An asset class is a group of investments that behave and are regulated similarly. There are four main asset classes: equities, fixed income, cash equivalents, and alternative investments. Equities are stocks. Fixed income are like bonds and certificates of deposits. Alternative investments are like real estate and private equity.
Asset classes can behave differently as a reaction to news or market cycles. Because of this, investors utilize asset classes to increase portfolio diversification. Each asset class typically has different risks and average returns. When combining multiple asset classes, a portfolio can become more robust.
In certain market cycles, some asset classes perform better than others. Because of this, some investors will increase their exposure to one asset class and decrease the other. This flexibility is called dynamic asset allocation.
Diversification is the practice of spreading investments across various asset classes and sectors in order to reduce risk or volatility of a portfolio. Each investor has a specific time horizon and risk tolerance that they are comfortable with and align with their financial goals. Diversification is a tool in order to accomplish those financial goals while reducing risk.
Exposure in one asset class or one sector can be risky over the long term. Due to changes in market cycles and other macroeconomic factors, those sectors or asset classes can be hit hard and reduce prices. If a portfolio has big exposure in that area, it can be detrimental to the value of a portfolio. A solution is to reduce exposure and instead expand into other sectors and classes.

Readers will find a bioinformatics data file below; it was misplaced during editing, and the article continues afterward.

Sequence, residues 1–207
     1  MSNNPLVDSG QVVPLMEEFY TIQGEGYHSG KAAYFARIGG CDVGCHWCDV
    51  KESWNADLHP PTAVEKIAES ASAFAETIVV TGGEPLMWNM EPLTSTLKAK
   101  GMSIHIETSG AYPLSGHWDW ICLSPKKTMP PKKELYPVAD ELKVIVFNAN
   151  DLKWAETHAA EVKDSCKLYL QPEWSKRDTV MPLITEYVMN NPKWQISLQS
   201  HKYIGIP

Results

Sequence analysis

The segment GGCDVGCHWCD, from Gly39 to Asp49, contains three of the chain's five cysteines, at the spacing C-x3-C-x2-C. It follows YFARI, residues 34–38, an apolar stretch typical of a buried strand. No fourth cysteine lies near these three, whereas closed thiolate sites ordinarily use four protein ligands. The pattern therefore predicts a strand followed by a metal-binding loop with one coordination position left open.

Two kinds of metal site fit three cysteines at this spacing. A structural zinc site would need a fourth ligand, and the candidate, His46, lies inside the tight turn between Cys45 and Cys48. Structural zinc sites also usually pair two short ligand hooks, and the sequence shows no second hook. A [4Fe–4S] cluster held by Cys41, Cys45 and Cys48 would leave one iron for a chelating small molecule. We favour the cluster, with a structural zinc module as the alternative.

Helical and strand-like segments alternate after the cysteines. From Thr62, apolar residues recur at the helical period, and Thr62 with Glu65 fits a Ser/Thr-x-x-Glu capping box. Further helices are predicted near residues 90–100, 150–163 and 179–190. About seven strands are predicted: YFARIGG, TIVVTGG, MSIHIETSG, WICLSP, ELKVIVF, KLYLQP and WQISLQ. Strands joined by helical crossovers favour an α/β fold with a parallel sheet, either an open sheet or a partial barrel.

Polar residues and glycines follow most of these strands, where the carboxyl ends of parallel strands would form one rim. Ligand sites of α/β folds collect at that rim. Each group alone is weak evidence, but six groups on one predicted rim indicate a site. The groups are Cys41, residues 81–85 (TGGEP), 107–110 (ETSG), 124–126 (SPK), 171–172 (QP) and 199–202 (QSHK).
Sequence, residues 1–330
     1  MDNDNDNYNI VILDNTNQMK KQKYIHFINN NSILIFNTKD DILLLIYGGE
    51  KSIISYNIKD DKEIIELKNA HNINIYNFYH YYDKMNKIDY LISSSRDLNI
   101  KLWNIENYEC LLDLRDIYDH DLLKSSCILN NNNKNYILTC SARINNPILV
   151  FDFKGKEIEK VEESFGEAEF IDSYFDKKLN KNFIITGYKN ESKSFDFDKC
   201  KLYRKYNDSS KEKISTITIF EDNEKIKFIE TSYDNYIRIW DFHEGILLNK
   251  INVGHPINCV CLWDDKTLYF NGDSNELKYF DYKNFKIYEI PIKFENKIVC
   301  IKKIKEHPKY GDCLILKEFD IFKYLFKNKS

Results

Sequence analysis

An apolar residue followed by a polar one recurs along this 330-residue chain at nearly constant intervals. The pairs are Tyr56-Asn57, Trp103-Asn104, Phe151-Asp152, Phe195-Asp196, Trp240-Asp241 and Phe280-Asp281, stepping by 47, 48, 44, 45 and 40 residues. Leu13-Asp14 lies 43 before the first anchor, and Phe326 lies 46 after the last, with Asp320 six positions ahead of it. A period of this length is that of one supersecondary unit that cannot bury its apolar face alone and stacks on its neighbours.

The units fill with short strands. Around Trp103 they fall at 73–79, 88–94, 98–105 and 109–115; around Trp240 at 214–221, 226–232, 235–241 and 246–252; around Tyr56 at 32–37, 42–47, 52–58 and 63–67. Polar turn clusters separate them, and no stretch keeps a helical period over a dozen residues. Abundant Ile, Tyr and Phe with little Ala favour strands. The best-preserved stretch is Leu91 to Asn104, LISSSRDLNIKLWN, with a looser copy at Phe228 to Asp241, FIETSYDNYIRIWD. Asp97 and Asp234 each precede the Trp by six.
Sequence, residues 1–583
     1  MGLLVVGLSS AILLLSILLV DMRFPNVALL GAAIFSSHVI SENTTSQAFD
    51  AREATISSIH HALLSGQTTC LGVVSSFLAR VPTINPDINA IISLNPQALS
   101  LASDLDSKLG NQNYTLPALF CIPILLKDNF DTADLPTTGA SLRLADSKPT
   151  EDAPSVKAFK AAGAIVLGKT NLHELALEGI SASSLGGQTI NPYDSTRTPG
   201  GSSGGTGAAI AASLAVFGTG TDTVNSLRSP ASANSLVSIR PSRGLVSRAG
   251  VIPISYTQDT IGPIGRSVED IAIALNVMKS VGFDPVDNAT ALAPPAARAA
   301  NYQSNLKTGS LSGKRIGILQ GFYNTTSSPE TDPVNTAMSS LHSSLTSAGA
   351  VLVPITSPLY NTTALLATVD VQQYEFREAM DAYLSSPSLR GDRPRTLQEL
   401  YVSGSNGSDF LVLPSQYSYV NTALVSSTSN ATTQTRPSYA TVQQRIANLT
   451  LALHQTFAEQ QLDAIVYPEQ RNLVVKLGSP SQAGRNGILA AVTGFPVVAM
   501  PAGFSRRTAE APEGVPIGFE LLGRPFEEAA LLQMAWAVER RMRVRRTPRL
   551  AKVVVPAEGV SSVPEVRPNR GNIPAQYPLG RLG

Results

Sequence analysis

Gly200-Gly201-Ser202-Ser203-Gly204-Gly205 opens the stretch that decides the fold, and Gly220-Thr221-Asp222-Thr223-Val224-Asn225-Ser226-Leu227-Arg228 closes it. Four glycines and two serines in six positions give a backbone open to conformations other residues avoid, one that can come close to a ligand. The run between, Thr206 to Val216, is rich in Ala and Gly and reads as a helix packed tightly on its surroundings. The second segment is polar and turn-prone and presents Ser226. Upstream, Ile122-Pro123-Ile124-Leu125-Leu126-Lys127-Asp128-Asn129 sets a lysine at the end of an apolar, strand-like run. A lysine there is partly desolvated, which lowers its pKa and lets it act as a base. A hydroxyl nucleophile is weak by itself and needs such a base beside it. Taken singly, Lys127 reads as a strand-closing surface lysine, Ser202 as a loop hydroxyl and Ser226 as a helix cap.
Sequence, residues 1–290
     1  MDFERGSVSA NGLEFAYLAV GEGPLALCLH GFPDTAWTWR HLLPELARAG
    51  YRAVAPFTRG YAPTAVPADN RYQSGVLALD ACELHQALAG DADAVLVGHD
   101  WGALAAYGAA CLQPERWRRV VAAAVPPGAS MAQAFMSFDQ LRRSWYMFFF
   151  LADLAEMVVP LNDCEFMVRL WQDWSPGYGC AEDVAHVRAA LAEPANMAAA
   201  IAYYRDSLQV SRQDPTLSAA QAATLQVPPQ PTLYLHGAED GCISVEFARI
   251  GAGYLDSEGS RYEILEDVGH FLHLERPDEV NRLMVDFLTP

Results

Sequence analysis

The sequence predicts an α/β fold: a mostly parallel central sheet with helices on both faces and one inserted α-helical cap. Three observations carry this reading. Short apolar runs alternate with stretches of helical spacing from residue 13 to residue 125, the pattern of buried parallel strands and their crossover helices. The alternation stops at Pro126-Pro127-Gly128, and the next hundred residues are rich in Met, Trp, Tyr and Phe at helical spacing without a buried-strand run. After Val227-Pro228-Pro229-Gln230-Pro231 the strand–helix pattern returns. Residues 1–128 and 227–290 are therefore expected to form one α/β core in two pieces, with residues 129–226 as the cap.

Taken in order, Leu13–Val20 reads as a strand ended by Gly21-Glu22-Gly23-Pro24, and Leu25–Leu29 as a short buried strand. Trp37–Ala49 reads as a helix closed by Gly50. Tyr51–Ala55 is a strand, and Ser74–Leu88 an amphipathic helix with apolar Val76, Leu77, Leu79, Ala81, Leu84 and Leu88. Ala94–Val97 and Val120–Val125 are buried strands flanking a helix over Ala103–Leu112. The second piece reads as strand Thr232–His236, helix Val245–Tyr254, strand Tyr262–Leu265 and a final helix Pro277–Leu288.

In diversification, it is ideal to invest into uncorrelated stocks. Imagine if Stock A and Stock B are uncorrelated. If there is a supply issue in Stock A’s industry, the share price of Stock A will decrease. This supply shock will most likely not impact Stock B, so Stock B’s price will not necessarily fall just because Stock A fell in value.
This logic also applies to various asset classes, such as stocks and bonds. For example, if interest rates are high, newly issued bonds may be attractive since they are paying a higher interest rate. On the other hand, higher interest rates can hurt growth stocks. Exposure to both can help reduce the portfolio’s volatility if interest rates were to change. The gains from the bonds may help to offset any losses from the stocks.
However, excessive diversification is difficult to manage and expensive. Average investors typically do not have enough capital to own multiple stocks across different industries, own bonds, Treasury bills, and real estate. Because of this, it can help to invest into mutual funds and ETFs. These are baskets of stocks that can help investors gain exposure across various companies, sectors, and asset classes.
Asset allocation is the strategy of determining how much capital to put across various asset classes, such as equities, fixed-income, cash, and alternatives. Asset allocation is based on an investor’s risk tolerance, time horizon, and financial goals. If done properly, asset allocation can help minimize risk and diversify a portfolio.